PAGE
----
Wake up: $125M settlement can open eyes on why drugs costs so much

eyes openA settlement announced Thursday sheds light on why drug prices are so high.

Florida consumers will receive an estimated $2.4 million from a $125 million settlement  between 48 states and a drug maker accused of anti-competitive tactics.

Cephalon Inc., maker of the wakefulness drug Provigil and a unit of Teva Pharmaceuticals, settled charges it protected monopoly profits by delaying generic versions from entering the market for several years.

“These anti-competitive efforts cost Floridians millions of dollars and kept the price of this prescription drug artificially high,” Attorney General Pam Bondi said in a statement. “As a result of our joint efforts, millions of dollars will be will be paid to Florida and consumers.”

As a drug patent neared expiration, Cephalon “intentionally defrauded” the Patent and Trademark Office to secure an additional patent that a court subsequently deemed invalid and unenforceable, government officials said.

“Today’s settlement with the State Attorneys General will resolve Cephalon’s litigation with 48 States relating to an 11-year old settlement between Cephalon and various other companies,” said Teva spokeswoman Denise Bradley. “It will be funded from the proceeds of the settlement entered into in 2015 between Cephalon and the FTC (Federal Trade Commission).”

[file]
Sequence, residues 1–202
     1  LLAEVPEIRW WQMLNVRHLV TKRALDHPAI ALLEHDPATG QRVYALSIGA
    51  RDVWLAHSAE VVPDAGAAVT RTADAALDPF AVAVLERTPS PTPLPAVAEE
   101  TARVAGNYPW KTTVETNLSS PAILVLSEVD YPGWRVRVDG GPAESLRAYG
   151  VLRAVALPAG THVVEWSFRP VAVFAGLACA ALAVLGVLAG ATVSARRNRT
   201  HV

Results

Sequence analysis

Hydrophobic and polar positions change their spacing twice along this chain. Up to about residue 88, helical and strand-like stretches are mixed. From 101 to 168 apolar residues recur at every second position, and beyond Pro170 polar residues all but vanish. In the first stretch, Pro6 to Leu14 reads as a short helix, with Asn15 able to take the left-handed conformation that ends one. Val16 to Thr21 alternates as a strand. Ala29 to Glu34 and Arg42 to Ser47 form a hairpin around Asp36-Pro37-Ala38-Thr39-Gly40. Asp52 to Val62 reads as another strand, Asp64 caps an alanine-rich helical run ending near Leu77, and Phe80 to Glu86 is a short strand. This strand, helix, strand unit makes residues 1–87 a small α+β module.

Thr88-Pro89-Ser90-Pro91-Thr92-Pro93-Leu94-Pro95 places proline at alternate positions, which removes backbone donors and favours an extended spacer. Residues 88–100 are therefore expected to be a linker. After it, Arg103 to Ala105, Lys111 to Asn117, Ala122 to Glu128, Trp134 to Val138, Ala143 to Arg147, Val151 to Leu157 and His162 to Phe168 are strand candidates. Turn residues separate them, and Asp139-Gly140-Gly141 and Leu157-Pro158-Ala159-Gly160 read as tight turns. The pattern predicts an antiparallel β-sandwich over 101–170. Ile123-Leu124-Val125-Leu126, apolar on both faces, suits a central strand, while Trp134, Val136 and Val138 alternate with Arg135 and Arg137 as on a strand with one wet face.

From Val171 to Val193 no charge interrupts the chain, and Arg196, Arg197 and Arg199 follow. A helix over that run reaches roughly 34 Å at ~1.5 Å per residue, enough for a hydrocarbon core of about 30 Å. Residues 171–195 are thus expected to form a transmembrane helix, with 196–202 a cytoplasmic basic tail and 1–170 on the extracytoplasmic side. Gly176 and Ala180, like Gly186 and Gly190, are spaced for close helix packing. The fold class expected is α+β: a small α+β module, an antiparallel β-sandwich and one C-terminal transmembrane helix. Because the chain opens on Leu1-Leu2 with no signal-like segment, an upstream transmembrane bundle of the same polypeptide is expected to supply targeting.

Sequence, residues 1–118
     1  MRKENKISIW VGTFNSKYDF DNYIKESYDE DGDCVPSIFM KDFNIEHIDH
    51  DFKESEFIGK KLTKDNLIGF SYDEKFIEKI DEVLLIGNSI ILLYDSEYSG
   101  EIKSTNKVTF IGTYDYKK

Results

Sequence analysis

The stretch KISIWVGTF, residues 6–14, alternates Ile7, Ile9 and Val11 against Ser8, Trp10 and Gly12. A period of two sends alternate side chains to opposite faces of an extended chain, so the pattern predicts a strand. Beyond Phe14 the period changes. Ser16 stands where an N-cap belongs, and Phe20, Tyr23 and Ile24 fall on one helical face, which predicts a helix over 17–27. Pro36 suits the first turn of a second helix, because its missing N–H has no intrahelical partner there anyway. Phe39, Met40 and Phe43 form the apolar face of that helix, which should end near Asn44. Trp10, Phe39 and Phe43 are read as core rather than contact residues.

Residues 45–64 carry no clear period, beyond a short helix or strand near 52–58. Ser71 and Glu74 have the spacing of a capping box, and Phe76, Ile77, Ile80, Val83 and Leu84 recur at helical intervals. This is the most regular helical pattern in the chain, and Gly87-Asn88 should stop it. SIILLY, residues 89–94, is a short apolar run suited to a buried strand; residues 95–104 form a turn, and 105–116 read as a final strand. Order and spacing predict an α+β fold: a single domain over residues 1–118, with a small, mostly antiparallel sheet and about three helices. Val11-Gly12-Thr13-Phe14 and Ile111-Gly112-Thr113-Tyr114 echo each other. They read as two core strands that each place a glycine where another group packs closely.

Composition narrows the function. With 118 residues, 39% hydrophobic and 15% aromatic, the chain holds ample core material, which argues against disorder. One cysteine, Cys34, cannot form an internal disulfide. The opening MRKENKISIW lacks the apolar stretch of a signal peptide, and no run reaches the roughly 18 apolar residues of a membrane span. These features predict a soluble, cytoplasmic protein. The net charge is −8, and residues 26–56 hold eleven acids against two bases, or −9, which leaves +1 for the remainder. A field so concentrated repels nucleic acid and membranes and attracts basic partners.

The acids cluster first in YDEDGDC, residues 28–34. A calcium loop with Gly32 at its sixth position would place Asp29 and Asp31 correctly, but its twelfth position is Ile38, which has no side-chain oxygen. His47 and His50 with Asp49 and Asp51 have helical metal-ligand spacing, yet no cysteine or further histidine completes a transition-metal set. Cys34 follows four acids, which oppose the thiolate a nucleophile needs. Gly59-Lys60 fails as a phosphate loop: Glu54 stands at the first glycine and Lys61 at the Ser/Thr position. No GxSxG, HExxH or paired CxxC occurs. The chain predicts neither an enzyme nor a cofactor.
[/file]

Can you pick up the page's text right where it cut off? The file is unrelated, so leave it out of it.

How did it work? Cephalon delayed generic competition for nearly six years by filing patent infringement lawsuits against all potential generic competitors, government officials said. Generic versions typically cost consumers much less.

Cephalon then settled those patent infringement lawsuits in 2005 and 2006 by paying the generic competitors to delay sale of the generic versions of Provigil until 2012, according to a summary from the Florida Attorney General’s Office.

The states’ settlement remains subject to court approval. It arose from an earlier settlement between Cephalon and the FTC that placed $1.2 billion into an escrow account.

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